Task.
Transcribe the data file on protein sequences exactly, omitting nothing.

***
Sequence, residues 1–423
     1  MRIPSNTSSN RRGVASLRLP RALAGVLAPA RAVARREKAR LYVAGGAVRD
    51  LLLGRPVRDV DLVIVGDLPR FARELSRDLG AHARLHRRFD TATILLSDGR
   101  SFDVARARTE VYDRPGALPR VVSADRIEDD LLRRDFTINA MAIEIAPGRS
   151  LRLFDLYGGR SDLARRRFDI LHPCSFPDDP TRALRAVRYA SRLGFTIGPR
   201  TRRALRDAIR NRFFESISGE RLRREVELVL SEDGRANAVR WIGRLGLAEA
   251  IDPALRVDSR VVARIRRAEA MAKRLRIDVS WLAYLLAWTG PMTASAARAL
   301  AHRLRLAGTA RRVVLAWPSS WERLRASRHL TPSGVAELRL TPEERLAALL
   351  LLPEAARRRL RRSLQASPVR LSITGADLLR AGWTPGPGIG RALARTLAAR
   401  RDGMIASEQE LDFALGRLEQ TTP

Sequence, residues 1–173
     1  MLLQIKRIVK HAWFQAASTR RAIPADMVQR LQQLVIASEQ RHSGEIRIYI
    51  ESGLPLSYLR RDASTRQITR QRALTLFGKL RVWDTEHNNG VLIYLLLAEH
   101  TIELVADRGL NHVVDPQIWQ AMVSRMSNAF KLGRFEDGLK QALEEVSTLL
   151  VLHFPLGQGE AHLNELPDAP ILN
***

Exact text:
Sequence, residues 1–423
     1  MRIPSNTSSN RRGVASLRLP RALAGVLAPA RAVARREKAR LYVAGGAVRD
    51  LLLGRPVRDV DLVIVGDLPR FARELSRDLG AHARLHRRFD TATILLSDGR
   101  SFDVARARTE VYDRPGALPR VVSADRIEDD LLRRDFTINA MAIEIAPGRS
   151  LRLFDLYGGR SDLARRRFDI LHPCSFPDDP TRALRAVRYA SRLGFTIGPR
   201  TRRALRDAIR NRFFESISGE RLRREVELVL SEDGRANAVR WIGRLGLAEA
   251  IDPALRVDSR VVARIRRAEA MAKRLRIDVS WLAYLLAWTG PMTASAARAL
   301  AHRLRLAGTA RRVVLAWPSS WERLRASRHL TPSGVAELRL TPEERLAALL
   351  LLPEAARRRL RRSLQASPVR LSITGADLLR AGWTPGPGIG RALARTLAAR
   401  RDGMIASEQE LDFALGRLEQ TTP

Sequence, residues 1–173
     1  MLLQIKRIVK HAWFQAASTR RAIPADMVQR LQQLVIASEQ RHSGEIRIYI
    51  ESGLPLSYLR RDASTRQITR QRALTLFGKL RVWDTEHNNG VLIYLLLAEH
   101  TIELVADRGL NHVVDPQIWQ AMVSRMSNAF KLGRFEDGLK QALEEVSTLL
   151  VLHFPLGQGE AHLNELPDAP ILN